From the Puppy Pen: Baby Puppy Fitness Safety
I get asked on a fairly regular basis why I don’t have more equipment for puppies to explore and play on in the puppy pen with my pups under the age of 8 weeks. They have a ton of soft toys, chews, tugs, and one relatively stable seat cushion. There are a couple reasons I don’t include things like balance disks, balls, teeters, boxes, paw pods, and other physical fitness equipment in the puppy pen, but mostly it boils down to safety.
The puppy pen is an area that I can leave the puppies without supervision. This means, I want to have the area clean, comfortable, spacious enough they can sleep and play, and ultimately completely safe. All of the physical fitness equipment that I listed above are incredible for the exploration of puppies, but without supervision, these toys can become dangerous.
I am by no means a canine fitness expert, but what I do know is that using equipment for fitness can be done effectively and safely, when approached with good form and monitoring fitness abilities. A lot of the danger of using some of this equipment comes from repetition with poor form. What I know about puppies, is that they are gumby blobs of fluff who are barely learning how to run across a yard without any obstacles, let alone climbing on things that they can fall off of, fall over, or run into. I can’t expect them to have good form while they are young, and if I am not monitoring them, I cannot step in and say “ok, we don’t need to jump off the aerobics step over and over, lets do something different!” Its not to say my puppies never get access to some of this equipment, but it is all under supervision. They have a blast exploring and chewing, climbing and tunnelling. I just put safety first.
Heck, just the other day a puppy knocked his head on a bench that he has been running under for 3 weeks, because suddenly he was tall enough for his nogging to hit. Thankfully it was a minor ouchy. I was right there and was able to monitor him for any additional issues. I’ve also been able to block off that bench so that no more accidents happen. Had I not had my eyes on the pups, I would never know. Just like the physical equipment. If I can’t see them use it, how do I know they are doing it safely?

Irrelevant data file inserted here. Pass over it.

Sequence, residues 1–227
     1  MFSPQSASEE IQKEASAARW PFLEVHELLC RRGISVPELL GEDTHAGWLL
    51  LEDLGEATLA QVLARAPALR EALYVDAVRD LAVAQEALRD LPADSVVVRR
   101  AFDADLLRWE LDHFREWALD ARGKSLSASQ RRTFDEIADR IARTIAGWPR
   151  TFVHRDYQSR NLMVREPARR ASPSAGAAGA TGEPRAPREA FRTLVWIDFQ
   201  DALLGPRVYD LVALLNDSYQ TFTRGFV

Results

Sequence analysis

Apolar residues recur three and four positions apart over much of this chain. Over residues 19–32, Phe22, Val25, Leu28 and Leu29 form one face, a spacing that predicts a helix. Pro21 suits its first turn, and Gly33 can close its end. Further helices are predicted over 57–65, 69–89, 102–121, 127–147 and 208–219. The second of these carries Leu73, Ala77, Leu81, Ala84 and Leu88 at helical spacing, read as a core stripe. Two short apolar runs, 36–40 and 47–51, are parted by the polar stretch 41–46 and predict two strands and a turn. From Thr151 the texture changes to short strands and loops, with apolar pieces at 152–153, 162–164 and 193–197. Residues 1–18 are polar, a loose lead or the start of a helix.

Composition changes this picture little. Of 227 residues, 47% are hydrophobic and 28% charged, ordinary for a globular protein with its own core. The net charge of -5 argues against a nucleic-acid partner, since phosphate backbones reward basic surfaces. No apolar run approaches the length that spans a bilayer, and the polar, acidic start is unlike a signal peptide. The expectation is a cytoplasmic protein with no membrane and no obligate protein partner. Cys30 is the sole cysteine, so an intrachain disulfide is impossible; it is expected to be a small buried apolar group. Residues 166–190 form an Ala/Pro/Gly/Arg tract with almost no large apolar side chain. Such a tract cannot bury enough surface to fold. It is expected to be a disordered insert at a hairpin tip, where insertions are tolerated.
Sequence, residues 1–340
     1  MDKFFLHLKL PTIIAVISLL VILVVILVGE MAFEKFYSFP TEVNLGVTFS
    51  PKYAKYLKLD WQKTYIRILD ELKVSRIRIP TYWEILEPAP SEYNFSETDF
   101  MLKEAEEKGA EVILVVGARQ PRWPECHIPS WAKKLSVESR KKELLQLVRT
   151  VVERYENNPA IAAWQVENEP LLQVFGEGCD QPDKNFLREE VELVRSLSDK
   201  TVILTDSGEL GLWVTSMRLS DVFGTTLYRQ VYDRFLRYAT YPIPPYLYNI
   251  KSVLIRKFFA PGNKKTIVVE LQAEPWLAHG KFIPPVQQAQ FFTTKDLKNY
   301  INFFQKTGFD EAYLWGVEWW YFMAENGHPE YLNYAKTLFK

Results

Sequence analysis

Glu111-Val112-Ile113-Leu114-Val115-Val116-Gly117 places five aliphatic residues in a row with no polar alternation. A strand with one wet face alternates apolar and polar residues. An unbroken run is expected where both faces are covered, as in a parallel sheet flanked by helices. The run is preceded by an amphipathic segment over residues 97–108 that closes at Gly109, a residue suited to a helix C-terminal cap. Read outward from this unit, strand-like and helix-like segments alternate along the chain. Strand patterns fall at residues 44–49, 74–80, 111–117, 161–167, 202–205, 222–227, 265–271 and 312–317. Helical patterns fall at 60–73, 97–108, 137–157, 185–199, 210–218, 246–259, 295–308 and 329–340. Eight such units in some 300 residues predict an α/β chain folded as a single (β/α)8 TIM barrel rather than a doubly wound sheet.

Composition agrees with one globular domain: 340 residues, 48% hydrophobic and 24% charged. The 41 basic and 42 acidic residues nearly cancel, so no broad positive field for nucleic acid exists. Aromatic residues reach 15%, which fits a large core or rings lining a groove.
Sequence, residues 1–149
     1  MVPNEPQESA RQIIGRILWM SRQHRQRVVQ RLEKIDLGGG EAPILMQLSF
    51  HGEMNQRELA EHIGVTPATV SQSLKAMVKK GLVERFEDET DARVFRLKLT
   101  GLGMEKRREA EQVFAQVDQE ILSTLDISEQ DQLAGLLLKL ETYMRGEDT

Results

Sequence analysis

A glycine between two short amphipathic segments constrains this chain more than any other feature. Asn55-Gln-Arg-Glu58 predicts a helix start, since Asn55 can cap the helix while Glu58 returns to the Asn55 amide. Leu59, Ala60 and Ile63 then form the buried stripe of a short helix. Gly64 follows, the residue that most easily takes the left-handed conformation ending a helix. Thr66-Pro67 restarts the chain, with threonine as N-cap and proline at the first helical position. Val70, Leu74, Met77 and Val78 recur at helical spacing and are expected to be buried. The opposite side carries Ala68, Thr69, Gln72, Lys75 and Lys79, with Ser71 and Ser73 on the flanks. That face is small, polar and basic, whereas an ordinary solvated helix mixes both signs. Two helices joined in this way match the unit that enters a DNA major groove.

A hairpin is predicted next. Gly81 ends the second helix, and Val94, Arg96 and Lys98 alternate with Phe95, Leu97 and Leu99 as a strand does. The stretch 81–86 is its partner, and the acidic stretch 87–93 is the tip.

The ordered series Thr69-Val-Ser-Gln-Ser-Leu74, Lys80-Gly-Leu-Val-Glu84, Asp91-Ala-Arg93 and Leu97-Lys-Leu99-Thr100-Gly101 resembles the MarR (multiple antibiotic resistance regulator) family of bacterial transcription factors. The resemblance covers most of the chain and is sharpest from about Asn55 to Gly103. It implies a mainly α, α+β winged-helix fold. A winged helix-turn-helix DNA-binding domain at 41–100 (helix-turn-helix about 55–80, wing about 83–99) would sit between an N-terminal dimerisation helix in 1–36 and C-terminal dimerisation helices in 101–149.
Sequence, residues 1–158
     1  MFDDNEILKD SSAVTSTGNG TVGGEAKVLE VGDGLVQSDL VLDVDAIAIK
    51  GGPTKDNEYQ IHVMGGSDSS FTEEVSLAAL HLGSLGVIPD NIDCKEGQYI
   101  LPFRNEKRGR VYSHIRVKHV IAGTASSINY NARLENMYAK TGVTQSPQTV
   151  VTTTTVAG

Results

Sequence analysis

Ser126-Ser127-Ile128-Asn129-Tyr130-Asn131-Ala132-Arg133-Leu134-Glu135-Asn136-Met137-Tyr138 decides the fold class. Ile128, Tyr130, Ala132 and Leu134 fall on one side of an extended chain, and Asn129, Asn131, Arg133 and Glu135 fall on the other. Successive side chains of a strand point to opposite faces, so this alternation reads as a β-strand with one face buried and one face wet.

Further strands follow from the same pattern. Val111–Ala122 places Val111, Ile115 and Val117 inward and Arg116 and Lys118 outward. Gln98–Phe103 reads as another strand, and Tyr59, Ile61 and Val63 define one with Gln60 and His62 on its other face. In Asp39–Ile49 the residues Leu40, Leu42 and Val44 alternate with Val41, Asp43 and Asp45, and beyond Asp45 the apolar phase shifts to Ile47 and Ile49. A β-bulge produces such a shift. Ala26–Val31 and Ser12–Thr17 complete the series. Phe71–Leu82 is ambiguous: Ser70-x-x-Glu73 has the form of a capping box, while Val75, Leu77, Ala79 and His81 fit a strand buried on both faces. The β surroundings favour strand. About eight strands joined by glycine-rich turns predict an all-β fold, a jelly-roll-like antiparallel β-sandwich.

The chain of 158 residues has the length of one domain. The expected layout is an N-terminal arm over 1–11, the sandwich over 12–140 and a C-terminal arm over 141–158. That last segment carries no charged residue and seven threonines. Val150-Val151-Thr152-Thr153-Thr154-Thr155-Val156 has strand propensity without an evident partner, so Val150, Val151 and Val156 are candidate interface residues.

On this same note, I’ve also been asked about the idea of teaching “manding”. Or basically reinforcing a young puppy to sit to get something (or to get anything they want). Many people use a sit behavior for manding because it is clear that the puppy is doing something to get something.
Remember when I said puppies are gumby blobs of fluff? Well, the next thing I know about canine fitness is that the action of going from sit to stand is also a skill that can be used in a variety of fitness applications. Form is key to healthy fitness, and puppies have little to no form. It needs to be built gradually and naturally. My experience is excessive sitting due to behavioral modification (that’s what manding is), can cause muscular imbalances.
I don’t want my puppies seeing me in the kitchen and wanting food and then straining to sit on the slippery kitchen floor. I don’t want my puppies sitting to go out of their pen, sitting at the back door, sitting outside when they want my attention, sitting when we need to come in. Sit. Sit. Sit. Yes, they will do it excessively because Sammy puppies ALWAYS want something. I have found it to be just as effective to simply ask them to wait patiently and quietly. No sit required. Sometimes sit happens, but its not because it will get them anything special that standing quietly won’t get them.
There are a bunch of other fitness related things I do with puppies before 8 weeks to help them develop naturally. This includes ample outdoor time to run and play in the yard starting at 5-6 weeks (depending on the mental development of a litter). Soft bedding with good traction as their main living surface. The edge of their litter box is only 2 inches and easily stepped over. There is no barrier to climb and drag themselves over when exiting the puppy pen. Rugs and carpets on my slippery floor to keep them from sliding unnecessarily. Making sure they are not over-eating and are at a good weight. There are Tons of other things.
I know that some of this is not the norm considering the recent puppy raising fads I’ve come across. Some of these fads have done great things as far as helping breeders learn better puppy rearing skills, but I really hope some of the more dangerous fads fade away. Hopefully this gives a little insight into what I do and why I do it.